Lycopene also has non-antioxidant actions that may protect against cardiovascular disease. First, there is evidence that lycopene may inhibit HMG-CoA reductase, the enzyme responsible for making cholesterol (also the enzyme that is inhibited by cholesterol-lowering statin drugs).17 So as you might expect, trials that added extra tomato products to subjects’ diets reduced their blood cholesterol levels. A meta-analysis of 12 trials found that daily supplemental tomato products (approximately 1 cup of tomato juice or 3-4 tbsp. of tomato paste) reduced LDL cholesterol by 10% - this effect is comparable to low doses of statin drugs (with no risk of side effects, of course).18 Lycopene also has several anti-inflammatory actions and may prevent excessive proliferation of vascular smooth muscle cells, which is a contributor to atherosclerotic plaque development.19,20
Of course, lycopene is not the only nutrient in tomatoes – tomatoes are also rich in vitamins C and E, beta-carotene, and flavonol antioxidants just to name a few.3 Single antioxidants usually don’t exert their protective effects alone; we learned this lesson from clinical trials of beta-carotene, vitamin C, and vitamin E supplements, which did not reduce cardiovascular disease risk.21 It is the interactions between phytochemicals in the complex synergistic network contained in plant foods that is responsible for their health effects, and this is something that we cannot replicate in a pill. Out of all the common dietary carotenoids, lycopene has the most potent antioxidant power, but combinations of carotenoids are even more effective than any single carotenoid – they work synergistically.22 Blood lycopene, as used in many of these studies, is simply a marker for high tomato product intake; similarly high alpha-carotene and beta-carotene levels are markers of high green and yellow-orange fruit and vegetable intake. Colorful fruits and vegetables provide significant protection.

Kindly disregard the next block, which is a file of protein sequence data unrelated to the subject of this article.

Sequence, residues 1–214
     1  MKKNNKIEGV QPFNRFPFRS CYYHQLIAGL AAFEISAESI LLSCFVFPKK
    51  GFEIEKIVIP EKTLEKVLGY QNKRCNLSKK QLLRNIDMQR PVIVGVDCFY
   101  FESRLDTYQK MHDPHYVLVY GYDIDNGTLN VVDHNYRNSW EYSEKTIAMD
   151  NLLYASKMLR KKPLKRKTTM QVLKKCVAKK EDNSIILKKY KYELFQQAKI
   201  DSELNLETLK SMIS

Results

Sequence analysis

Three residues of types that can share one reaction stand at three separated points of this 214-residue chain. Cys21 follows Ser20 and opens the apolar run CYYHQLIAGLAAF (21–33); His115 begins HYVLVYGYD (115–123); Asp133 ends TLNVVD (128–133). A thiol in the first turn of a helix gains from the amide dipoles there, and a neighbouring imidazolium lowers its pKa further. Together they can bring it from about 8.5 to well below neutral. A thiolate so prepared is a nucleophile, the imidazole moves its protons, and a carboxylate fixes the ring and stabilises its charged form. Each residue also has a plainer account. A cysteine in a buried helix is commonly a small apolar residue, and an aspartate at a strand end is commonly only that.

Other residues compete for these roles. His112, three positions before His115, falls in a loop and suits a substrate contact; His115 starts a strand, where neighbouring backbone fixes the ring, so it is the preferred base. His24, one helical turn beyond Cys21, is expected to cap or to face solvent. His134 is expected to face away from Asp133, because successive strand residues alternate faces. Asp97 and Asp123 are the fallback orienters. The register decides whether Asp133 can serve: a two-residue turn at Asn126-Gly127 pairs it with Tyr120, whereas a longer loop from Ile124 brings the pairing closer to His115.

In a given year, a typical American will eat about 92 pounds of tomatoes.23 Enjoy those 92 pounds and even add some more! Add fresh, juicy raw tomatoes to your salad, diced or unsulphured sun-dried tomatoes to soups, and enjoy homemade tomato sauces and soups. Be mindful of the sodium content of ketchup and other tomato products – choose the low sodium or no salt added versions. No salt added, unsulphured dried tomatoes are also great. Also keep in mind that carotenoids are absorbed best when accompanied by healthy fats – for example, in a salad with a seed or nut-based dressing.24,25 Lycopene is also more absorbable when tomatoes are cooked, so enjoy a variety of both raw and cooked tomatoes in your daily diet.26
Image credit: Flickr - MaplessInSeattle
1. Krinsky NI, Johnson EJ. Carotenoid actions and their relation to health and disease. Mol Aspects Med 2005;26:459-516.